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Boesky, D. (1994). Psychoanalysis: Clinical Theory and Practice: By Jacob A. Arlow, M.D. Madison, CT: International Universities Press, Inc., 1991. 444 pp.. Psychoanal Q., 63:349-357.

(1994). Psychoanalytic Quarterly, 63:349-357

Psychoanalysis: Clinical Theory and Practice: By Jacob A. Arlow, M.D. Madison, CT: International Universities Press, Inc., 1991. 444 pp.

Review by:
Dale Boesky

This is a remarkable volume. In his classic paper, "Unconscious Fantasy and Disturbances of Conscious Experience" (Chapter 10), Arlow stated quietly: "It is my impression that a clearer understanding of the functioning of the mind may be achieved from examining the role that certain aspects of unconscious fantasy play in mental life" (p. 158). This volume testifies to the validity of that claim. The classic core theoretic papers in this book are actually a potential text of clinical theory based on the modern structural hypothesis. In fact, these core papers with suitable emendation would constitute a unique syllabus for a seminar on modern structural theory.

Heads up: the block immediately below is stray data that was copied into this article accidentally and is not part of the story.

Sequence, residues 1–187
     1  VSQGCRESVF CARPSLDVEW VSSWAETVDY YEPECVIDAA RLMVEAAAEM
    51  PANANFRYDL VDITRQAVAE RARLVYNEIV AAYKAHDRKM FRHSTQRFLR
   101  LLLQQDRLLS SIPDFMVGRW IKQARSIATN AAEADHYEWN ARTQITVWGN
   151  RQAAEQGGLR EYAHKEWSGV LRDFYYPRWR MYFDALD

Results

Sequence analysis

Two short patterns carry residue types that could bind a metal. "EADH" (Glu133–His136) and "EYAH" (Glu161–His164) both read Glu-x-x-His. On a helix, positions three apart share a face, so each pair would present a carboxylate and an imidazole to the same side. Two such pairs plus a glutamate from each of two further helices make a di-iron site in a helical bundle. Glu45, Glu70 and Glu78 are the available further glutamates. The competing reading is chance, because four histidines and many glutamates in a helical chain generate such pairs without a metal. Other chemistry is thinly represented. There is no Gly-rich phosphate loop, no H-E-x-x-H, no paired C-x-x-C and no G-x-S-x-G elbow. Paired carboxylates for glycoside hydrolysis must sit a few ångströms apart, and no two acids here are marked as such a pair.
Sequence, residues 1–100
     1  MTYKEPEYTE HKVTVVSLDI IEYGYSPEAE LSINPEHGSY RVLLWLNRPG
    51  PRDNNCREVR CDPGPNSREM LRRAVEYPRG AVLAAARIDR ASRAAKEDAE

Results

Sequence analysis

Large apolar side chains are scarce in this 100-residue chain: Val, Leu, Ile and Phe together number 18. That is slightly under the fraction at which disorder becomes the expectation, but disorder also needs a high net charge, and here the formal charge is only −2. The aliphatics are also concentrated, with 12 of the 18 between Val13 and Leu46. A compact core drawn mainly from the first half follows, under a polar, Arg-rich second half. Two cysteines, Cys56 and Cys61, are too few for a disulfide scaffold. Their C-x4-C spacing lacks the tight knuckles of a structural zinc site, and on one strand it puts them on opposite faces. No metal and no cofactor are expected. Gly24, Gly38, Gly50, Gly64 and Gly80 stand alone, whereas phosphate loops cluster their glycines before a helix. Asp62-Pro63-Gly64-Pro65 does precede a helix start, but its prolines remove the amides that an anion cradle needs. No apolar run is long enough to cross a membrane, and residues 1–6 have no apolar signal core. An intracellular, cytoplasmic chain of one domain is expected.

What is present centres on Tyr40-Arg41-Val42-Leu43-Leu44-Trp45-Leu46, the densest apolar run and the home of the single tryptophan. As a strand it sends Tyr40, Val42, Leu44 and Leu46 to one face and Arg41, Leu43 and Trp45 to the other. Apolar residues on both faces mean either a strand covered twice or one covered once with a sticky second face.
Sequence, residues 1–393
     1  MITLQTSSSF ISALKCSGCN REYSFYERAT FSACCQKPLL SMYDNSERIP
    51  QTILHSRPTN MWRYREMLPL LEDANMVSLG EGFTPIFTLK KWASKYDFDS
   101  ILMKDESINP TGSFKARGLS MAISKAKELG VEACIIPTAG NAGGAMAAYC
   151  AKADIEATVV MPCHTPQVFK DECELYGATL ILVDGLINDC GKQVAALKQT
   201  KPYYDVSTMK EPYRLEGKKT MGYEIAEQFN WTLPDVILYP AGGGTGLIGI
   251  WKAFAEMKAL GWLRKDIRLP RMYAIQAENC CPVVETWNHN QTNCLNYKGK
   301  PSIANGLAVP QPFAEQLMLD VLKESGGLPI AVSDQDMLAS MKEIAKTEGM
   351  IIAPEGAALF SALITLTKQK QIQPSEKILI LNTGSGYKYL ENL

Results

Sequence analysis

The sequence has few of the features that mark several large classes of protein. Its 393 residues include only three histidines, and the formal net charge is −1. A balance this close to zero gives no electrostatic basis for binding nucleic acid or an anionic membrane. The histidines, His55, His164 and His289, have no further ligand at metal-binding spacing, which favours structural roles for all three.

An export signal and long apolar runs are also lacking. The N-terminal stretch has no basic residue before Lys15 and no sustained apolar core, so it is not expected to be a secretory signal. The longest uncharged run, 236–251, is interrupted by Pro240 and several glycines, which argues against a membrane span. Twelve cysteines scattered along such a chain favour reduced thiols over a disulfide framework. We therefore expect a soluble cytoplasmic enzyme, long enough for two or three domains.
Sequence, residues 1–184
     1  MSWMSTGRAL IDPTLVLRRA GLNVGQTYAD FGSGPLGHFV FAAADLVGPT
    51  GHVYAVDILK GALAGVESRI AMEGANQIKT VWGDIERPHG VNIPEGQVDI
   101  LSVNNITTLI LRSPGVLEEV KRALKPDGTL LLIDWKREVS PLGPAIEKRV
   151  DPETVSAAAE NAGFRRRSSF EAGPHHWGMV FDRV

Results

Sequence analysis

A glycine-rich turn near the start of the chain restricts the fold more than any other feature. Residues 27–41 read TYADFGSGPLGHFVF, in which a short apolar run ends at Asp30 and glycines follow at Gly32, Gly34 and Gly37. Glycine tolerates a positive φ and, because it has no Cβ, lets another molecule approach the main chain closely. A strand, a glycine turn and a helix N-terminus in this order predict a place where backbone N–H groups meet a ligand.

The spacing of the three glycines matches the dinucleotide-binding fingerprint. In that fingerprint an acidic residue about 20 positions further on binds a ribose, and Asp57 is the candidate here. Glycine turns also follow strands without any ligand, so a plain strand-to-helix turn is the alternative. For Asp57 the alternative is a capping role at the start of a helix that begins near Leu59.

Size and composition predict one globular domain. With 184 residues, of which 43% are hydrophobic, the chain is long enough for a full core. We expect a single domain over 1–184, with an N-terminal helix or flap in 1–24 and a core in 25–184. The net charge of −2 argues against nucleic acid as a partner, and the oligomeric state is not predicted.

One can see Arlow's methodology slowly emerging as one reads on. He has chosen the unconscious fantasy as the clinical and theoretic unit for his explication of structural theory. He has from the outset studied the vicissitudes of the dynamic equilibrium between the wish and defense as these are manifested in unconscious fantasies. He demonstrates repeatedly that the unconscious fantasy actively establishes the mental set against which the data of sensory registration are selectively perceived, inhibited, transformed, or disregarded. He provides a wealth of persuasively documented clinical illustrations of his views about focusing on unconscious fantasy as the herald of crucially important dynamic shifts in the associations of the patient throughout the course of a psychoanalytic treatment. What makes his mordant clinical examples so valuable is that they offer such coherent, lucid, and persuasive illustrations of his theoretic views.

It should be emphasized that it is one thing to say that all analysts listen differently and quite another to say that all analysts listen with equal care to everything that the patient says. Arlow's papers are a forceful argument for meticulous attention to the patient's associations. This alone is a topic which deserves further research because our literature and meetings demonstrate abundantly that many analysts are in disagreement about the value of very close readings of their patient's associations.

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